I-285 Managed Lane Project

I-285 Managed Lane Project

PROTECT and PRESERVE Dunwoody and our quality of life

Here’s Proof Positive that the managed lanes that cost $800M on I-75 are a major FAIL; waste of taxpayer dollars; and do not “reduce” traffic: 8:05 am, May 14th. TWENTY (20) MILES PER HOUR from Woodstock to Midtown. 

Going in Debt for Decades: GDOT Board Approved Selling Bonds in 2016

No public vote. No asking the top-end Perimeter communities. The Press release doesn't even mention the COST of these bonds. Reference HERE.

4.2 BILLION Price Tag for 285 Express Lanes

4,200,000,000. Yes. It's that many zeroes.

GDOT has already approved in 2017 a bond of $75 to acquire Right of Way -- meaning take private property. And expect another $600M in 2020 to buy more property.

Reference here

Take Action TODAY

The city of Dunwoody needs to hire an experienced law firm that is: a) INDEPENDENT & EXCLUSIVE of other cities — Our city outsources an attorney that works with several other cities. And they often have competing priorities - like Sandy Springs telling GDOT in backdoor meetings where to put the exit ramps; b) Has experienced success in working with a state DOT (I’m talking about doing a national search) and; c) Immediately seek any & all means to PROTECT and PRESERVE Dunwoody and our quality of life.

Want Alternatives to Driving?

GDOT is abandoning the transit option and has closed down the Revive 285 conversation. “The meetings are to inform attendees of Georgia DOT’s decision to formally close the Revive285 project, to rescind the existing Revive285 project’s Notice of Intent (NOI), and to move forward with I-285 Top End Express Lanes project.”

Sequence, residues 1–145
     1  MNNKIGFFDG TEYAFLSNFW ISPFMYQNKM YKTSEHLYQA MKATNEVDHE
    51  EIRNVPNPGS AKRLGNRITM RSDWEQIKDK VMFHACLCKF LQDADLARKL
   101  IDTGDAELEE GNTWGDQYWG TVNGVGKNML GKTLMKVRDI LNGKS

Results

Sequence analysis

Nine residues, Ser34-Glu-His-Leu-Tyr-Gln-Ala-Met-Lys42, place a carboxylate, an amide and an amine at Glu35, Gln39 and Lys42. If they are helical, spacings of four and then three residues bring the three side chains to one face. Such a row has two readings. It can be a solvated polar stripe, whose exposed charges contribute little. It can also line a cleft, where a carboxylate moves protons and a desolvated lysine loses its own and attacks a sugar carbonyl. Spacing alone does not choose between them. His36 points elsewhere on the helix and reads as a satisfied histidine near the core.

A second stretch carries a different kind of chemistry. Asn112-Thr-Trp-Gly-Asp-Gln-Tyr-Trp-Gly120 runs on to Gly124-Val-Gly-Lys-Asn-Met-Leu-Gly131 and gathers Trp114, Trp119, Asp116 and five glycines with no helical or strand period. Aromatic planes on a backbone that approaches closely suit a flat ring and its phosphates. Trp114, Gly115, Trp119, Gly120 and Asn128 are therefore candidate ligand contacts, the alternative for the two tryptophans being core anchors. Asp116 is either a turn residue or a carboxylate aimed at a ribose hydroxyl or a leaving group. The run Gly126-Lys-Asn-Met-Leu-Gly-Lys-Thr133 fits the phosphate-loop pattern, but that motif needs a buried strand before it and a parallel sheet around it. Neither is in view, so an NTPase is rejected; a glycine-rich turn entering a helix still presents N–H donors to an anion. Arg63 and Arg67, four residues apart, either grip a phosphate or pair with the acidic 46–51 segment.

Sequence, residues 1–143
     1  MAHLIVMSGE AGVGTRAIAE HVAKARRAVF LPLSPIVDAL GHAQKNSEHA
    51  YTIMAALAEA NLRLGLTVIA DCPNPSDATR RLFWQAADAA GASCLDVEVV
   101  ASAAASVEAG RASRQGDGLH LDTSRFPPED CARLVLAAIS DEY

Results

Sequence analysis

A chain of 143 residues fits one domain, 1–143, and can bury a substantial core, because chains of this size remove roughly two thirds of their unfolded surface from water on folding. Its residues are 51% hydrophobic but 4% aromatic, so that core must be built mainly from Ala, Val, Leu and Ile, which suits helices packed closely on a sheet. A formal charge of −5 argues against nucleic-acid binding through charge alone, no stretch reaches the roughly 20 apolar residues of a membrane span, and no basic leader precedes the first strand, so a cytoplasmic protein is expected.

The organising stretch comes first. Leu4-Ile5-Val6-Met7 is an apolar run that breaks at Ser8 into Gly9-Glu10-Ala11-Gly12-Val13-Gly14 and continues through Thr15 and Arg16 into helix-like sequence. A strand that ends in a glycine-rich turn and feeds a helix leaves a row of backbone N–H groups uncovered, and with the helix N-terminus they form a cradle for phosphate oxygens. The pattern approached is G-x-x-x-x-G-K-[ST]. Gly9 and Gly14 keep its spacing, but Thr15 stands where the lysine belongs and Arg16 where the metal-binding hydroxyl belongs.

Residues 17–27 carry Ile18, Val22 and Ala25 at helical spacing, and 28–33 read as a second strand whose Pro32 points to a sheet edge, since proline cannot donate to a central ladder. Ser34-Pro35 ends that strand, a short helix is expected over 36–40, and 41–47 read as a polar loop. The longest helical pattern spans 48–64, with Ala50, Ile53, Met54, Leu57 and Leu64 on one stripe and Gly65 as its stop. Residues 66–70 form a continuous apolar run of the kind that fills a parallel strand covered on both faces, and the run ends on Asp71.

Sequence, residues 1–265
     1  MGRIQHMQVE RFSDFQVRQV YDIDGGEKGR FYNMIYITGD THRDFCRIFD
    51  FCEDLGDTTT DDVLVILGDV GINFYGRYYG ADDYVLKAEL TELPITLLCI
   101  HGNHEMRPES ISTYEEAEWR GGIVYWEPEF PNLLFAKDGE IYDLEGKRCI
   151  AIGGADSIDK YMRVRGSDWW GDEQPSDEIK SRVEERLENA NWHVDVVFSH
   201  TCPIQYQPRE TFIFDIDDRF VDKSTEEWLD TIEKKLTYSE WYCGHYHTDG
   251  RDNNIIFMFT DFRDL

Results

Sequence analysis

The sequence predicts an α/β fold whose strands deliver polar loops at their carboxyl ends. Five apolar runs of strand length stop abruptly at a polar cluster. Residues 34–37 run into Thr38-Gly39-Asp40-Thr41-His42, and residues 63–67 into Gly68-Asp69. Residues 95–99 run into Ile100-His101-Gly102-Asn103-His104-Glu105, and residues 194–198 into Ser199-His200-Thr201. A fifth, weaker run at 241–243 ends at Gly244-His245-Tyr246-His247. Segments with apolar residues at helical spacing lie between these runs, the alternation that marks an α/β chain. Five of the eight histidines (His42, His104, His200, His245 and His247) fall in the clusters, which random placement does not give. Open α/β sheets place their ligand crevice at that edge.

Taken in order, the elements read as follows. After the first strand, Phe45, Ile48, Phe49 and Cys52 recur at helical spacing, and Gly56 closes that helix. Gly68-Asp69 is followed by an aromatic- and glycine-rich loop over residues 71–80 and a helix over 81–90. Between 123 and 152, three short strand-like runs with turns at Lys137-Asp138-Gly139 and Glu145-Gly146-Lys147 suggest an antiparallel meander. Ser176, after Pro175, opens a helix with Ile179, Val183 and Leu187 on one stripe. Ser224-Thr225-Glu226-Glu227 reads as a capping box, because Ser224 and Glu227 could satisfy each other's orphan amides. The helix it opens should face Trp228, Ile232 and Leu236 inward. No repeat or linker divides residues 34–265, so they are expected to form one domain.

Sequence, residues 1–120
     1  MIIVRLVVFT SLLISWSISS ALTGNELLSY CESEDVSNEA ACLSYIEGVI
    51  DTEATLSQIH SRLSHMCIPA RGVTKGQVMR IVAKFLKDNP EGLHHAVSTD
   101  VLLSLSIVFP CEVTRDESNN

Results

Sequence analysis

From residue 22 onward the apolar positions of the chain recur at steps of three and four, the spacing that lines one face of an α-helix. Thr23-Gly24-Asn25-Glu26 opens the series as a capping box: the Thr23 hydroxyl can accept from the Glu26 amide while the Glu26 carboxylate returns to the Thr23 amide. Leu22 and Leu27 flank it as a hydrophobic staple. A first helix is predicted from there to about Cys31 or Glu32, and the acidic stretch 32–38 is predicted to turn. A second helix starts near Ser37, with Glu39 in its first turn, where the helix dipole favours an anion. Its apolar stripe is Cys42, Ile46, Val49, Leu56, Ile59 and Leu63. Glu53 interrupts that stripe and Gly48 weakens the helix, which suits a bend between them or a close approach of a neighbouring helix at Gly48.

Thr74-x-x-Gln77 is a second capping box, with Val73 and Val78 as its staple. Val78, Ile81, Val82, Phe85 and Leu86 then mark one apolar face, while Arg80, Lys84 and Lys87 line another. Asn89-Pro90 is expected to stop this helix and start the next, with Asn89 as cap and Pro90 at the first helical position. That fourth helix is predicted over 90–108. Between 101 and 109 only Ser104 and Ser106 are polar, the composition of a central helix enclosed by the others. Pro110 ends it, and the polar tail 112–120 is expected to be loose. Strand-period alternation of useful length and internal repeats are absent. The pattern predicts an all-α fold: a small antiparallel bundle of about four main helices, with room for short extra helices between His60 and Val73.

Back in 2007, GDOT with the Revive285 planning was saying

"Among the strategies that have been considered were: No build, high-occupancy vehicle lanes (HOV), high-occupancy toll (HOT) lanes, truck only lanes (TOL), express lanes, toll lanes, operational improvements, transportation system management/transportation demand management, surface street improvements, general purpose lanes, bus rapid transit (BRT), express bus, automated guideway transit, maglev, monorail, heavy rail and light rail.

Design components that will be considered as part of each recommended alternative, will include: Operational improvements (interchanges, ramp improvements, etc.), surface street improvements (traffic signalization, widening, new roadways, etc.), rideshare and vanpools, tolling, bike and pedestrian improvements and express buses.
“We are integrating transit into the overall transportation corridor here, we are integrating operational safety improvements, managed lane improvements that are envisioned,” Van Meter said. “We are trying to preserve mobility on the top end of I-285. That is our vision,” he added.
Well, that vision is now only focused on motor vehicles.

They've even shut down the website that had all of the above historical options that included transit.


  1. Joe, I participated in the Revive285 project for years. Light Rail was the most popular of the choices considered. GDOT concluded that Light Rail would never be funded and went with BRT.

    DHA has always supported traffic mitigation efforts which will take cut through traffic off Dunwoody surface streets and put it on collector distributors along the limited access highways around us: I-285, GA400 and Peachtree Industrial; rather than widen our surface streets.
    Hiring a law firm to fight this would be a waste of time and $. Noise and sight mitigation is the best you can hope for from GDOT.


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